[Image: The Hanging Hotel by Takis Zenetos; think of it as the International Style meets the Potala Palace].
Nearly a year ago, a reader named Stavros Koulis tipped me off to the work of Takis Zenetos. Zenetos was a Greek architect whose work seems clearly to belong in a list of avant-garde mid-to-late 20th century architects like Yona Friedman, Constant, and even Archigram, but who seems otherwise to have been overlooked.
The above project – visible in the next image – is for a hanging hotel, a combination of Tibetan palace, Anasazi cliff dwelling, and artificial geological formation.
[Image: The Hanging Hotel, strung onto a cliffside like a musical instrument, by Takis Zenetos].
But his most exciting project, I’d suggest (based on very little information, to be frank), is Cable City, an incredible 1961 design for a suspended city – what Zenetos called une ville suspendue.
The entire metropolis would be hung from cables, a kind of tensional extension of the earth’s surface.
[Image: The Cable City of Takis Zenetos].
To be honest, I’ve never read a word about this thing in English, so who knows what I’m getting right here; but the overall impetus behind the project seems to be something like counter-terrestriality: a city that would not only span, but even temporarily replace, the earth’s surface, forming a cobweb of urban settlement. An extremely local architectural offworld made of capsules, wired Archigramian hammocks, and other high-tech micro-environments.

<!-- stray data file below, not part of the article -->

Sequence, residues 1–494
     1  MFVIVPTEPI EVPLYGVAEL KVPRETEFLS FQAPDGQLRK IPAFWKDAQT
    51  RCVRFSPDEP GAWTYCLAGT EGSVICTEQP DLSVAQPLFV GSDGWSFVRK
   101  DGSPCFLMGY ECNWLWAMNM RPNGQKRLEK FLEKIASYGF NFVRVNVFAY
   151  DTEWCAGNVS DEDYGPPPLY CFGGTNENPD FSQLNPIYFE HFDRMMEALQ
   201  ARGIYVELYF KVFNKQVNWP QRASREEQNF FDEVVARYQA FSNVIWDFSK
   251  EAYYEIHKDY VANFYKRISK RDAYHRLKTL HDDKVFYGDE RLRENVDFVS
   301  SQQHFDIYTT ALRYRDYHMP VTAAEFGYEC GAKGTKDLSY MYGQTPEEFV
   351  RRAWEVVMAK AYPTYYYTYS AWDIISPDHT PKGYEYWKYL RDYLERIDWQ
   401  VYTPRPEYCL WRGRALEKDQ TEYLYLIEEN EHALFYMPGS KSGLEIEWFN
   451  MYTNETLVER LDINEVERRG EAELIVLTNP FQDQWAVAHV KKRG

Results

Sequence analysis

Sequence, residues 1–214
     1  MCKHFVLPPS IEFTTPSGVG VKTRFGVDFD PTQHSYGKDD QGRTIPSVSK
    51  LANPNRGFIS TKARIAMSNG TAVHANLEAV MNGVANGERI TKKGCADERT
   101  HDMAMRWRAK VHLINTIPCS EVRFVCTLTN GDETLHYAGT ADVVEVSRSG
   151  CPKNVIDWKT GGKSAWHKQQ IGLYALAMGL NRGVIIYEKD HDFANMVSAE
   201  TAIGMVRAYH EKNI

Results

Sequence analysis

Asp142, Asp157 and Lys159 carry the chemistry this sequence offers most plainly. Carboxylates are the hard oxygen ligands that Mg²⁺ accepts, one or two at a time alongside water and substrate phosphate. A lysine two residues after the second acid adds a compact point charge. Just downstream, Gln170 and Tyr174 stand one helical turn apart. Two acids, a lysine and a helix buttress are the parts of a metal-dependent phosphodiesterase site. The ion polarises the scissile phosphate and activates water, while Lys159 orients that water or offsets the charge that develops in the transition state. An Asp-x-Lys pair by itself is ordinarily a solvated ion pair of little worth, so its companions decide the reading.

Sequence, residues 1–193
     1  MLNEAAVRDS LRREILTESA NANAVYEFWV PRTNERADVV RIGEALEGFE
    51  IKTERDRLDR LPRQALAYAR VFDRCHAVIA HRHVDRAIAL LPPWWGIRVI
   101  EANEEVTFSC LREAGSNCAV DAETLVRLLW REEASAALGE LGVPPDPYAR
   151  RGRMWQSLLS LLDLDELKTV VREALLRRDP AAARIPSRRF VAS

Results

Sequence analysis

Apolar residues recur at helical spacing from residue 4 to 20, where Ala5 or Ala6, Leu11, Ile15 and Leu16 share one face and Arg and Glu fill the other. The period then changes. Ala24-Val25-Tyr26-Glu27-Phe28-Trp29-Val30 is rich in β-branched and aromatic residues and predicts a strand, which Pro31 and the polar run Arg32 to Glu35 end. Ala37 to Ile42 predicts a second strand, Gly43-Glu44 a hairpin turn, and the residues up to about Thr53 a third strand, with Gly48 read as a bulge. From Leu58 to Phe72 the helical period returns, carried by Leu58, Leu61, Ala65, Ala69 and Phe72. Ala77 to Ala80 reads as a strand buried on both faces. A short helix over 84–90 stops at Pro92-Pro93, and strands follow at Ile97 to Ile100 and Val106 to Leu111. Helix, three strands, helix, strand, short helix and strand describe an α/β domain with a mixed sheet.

[Image: The Cable City of Takis Zenetos; the instant city as toupee].
But my own descriptions shouldn’t get in the way of Zenetos’s images.
[Images: The Cable City of Takis Zenetos].
After all, he even drew gullies choked with wind turbines – sustainable, if bird-murdering, power stations – decades ahead of his time.
[Images: A turbined gorge by Takis Zenetos].
I’d love to know more about Zenetos, if anyone reading BLDGBLOG has more information. “Takis Zenetos (1926-1978),” we read, “is the pre-eminent architect of Greek modernism, with a varied oeuvre (industrial buildings, schools, residences, objects, urban planning studies), and he is best known for the FIX building on Syngrou Avenue and the Lycabettus theatre.
“What is not widely known is that Zenetos was a visionary of the future electronic city and the digital age.”
[Thanks to Stavros Koulis for sending me these scans].